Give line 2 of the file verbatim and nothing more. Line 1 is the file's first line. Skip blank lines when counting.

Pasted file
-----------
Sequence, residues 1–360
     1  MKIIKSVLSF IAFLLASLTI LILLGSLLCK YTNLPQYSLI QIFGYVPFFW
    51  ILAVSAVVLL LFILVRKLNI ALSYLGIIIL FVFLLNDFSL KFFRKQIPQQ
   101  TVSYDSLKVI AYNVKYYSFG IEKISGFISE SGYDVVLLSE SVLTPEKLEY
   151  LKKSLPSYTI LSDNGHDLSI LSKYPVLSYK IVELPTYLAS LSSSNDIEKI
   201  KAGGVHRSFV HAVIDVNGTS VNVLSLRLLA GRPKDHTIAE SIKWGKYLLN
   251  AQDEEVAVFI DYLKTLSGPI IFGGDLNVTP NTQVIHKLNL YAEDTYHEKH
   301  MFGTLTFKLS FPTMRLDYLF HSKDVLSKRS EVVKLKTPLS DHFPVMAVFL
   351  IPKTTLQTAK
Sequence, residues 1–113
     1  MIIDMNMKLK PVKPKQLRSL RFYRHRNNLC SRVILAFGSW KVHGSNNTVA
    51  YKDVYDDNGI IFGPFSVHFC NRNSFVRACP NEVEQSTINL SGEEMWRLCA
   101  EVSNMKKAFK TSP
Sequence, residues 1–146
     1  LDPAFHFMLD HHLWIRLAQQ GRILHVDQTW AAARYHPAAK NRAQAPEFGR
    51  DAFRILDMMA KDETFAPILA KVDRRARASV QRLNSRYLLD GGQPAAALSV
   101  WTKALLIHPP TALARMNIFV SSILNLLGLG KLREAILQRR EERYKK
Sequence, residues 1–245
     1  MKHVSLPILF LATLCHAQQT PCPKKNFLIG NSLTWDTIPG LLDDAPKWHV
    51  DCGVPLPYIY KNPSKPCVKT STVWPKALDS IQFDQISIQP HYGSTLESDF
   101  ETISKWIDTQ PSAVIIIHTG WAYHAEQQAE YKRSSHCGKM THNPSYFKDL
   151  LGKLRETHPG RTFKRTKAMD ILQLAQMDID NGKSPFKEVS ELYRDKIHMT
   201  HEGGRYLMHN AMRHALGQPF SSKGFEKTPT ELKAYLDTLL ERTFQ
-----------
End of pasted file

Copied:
     1  MKIIKSVLSF IAFLLASLTI LILLGSLLCK YTNLPQYSLI QIFGYVPFFW